‘Mum’s BMI affects school’ research study finds

The body mass index (BMI) of a child’s mother may influence a teacher’s perception of that child’s academic ability.

This is according to newly published research from NUI Galway and Queens University Belfast.

The joint university study shows that obesity should not be looked at solely as a health issue but rather one that may have much broader economic implications.

“The study found a significant relationship between a mother’s BMI and the probability of the child’s ability being assessed as below average by their teacher,” said the co-author of the study, Michelle Queally.

Ms Queally is a post-doctoral research fellow at the J.E. Cairnes School of Business and Economics at NUI Galway.

She described the finding as “potentially worrisome” and said more research was needed.

Ms Queally explained the range at which BMI negatively influences a teacher’s perception of a child’s academic ability.

“A 10-point increase in BMI, moving someone from normal to obese, for example, would be roughly equivalent in terms of its impact on the probability of being assessed as below average as would the child being female,” she said.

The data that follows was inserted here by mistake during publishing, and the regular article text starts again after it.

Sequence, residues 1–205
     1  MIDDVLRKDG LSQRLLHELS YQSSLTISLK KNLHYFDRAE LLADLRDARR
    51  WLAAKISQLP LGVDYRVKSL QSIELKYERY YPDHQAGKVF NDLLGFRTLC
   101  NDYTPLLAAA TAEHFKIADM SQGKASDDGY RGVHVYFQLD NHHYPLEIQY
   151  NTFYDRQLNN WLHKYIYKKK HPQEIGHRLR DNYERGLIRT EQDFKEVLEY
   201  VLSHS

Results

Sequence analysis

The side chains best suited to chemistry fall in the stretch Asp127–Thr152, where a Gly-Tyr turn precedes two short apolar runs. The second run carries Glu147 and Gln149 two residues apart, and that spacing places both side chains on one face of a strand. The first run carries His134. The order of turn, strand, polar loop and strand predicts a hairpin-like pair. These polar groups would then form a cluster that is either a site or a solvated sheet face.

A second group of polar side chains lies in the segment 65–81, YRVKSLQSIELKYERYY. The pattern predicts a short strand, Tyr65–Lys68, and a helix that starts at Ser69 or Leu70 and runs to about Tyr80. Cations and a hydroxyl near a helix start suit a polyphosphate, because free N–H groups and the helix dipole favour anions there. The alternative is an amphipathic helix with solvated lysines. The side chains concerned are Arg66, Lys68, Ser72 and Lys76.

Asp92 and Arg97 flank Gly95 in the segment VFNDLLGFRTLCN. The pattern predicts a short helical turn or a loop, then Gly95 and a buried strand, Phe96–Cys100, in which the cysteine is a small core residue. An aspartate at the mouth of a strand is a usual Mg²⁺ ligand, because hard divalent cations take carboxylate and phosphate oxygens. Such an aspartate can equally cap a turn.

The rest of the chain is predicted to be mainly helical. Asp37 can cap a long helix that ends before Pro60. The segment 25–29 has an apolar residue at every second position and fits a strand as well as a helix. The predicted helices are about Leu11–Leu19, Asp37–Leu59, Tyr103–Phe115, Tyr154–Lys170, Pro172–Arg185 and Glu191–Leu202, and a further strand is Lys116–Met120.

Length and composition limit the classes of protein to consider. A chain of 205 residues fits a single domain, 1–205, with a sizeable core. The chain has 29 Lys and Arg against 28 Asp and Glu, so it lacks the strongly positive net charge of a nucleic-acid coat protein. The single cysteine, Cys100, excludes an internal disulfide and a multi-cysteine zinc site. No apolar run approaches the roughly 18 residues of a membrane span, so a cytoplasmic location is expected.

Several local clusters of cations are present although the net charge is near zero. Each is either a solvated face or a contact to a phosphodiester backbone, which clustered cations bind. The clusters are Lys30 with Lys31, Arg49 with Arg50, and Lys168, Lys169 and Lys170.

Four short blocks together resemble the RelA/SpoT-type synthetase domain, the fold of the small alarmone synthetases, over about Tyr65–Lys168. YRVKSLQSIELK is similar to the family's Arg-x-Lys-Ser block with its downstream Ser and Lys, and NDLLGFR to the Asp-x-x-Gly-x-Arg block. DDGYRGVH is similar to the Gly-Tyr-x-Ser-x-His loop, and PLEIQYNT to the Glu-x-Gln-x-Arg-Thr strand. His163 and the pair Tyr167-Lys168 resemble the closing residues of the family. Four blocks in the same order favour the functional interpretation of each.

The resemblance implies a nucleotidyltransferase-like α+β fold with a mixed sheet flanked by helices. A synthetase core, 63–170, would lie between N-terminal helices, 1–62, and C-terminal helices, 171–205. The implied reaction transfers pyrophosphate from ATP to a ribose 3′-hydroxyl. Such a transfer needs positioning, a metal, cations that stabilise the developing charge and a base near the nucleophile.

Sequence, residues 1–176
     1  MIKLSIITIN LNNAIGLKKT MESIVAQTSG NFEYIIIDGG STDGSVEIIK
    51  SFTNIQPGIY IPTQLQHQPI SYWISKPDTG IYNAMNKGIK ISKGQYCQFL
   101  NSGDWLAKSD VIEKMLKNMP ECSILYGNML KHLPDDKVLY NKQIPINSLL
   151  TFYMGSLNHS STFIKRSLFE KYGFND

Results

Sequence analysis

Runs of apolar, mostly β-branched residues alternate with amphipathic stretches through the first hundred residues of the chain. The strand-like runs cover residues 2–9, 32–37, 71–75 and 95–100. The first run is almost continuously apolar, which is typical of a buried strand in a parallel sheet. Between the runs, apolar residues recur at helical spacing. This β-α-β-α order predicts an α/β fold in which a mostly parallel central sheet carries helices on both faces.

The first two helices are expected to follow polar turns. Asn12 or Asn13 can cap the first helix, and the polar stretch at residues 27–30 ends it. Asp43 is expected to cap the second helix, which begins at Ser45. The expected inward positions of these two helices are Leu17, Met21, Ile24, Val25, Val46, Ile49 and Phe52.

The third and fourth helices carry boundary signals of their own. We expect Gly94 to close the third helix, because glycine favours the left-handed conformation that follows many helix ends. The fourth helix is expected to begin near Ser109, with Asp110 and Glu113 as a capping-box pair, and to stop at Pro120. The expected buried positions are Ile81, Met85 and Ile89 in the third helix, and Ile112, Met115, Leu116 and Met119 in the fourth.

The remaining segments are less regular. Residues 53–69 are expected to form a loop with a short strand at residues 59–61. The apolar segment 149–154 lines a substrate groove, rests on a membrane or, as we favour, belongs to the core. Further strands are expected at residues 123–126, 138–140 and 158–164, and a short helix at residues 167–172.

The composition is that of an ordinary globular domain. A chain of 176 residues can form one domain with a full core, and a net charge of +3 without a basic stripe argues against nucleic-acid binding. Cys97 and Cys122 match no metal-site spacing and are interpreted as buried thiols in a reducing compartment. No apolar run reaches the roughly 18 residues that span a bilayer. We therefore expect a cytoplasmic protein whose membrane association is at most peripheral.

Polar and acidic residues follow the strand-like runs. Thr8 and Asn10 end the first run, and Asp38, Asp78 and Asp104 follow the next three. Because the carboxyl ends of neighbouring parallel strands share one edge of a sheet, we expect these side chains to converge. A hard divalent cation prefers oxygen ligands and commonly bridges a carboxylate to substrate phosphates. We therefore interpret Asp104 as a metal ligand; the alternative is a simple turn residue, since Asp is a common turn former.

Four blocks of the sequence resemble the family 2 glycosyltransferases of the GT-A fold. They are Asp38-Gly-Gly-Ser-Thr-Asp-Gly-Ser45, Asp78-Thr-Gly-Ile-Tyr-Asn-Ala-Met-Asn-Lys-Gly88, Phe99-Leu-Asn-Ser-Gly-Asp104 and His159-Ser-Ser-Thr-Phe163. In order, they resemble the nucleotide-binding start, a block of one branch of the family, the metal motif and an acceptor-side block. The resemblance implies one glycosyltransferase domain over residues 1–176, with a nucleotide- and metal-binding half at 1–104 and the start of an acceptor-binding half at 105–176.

Data was used from the first wave of the longitudinal study, the Growing up in Ireland Survey. This national survey represents a sample of more than 8,500 children from 900 schools in Ireland.

From this data, the NUIG and Queens researchers investigated whether a teacher’s assessments of a child’s academic ability is associated with the BMI of the mother.

Other related findings from their research showed how boys and girls abilities were perceived differently.

“Other findings of the study show that boys, for example, are more likely to be rated as below average in reading and girls are more likely to be rated as below average by teachers in maths,” Ms Queally said.

The study notes that the potential for a mother’s weight status, to influence teachers’ perceptions of their children’s ability, could have long-term consequences when it comes to the child’s educational outcome. This is because of the teacher’s role in marking examinations.

The researchers emphasised that the findings cannot be taken as “definitive proof” that teachers stereotype children based on an assessment of their mother’s BMI.

The full study is published in the journal Economics and Human Biology.

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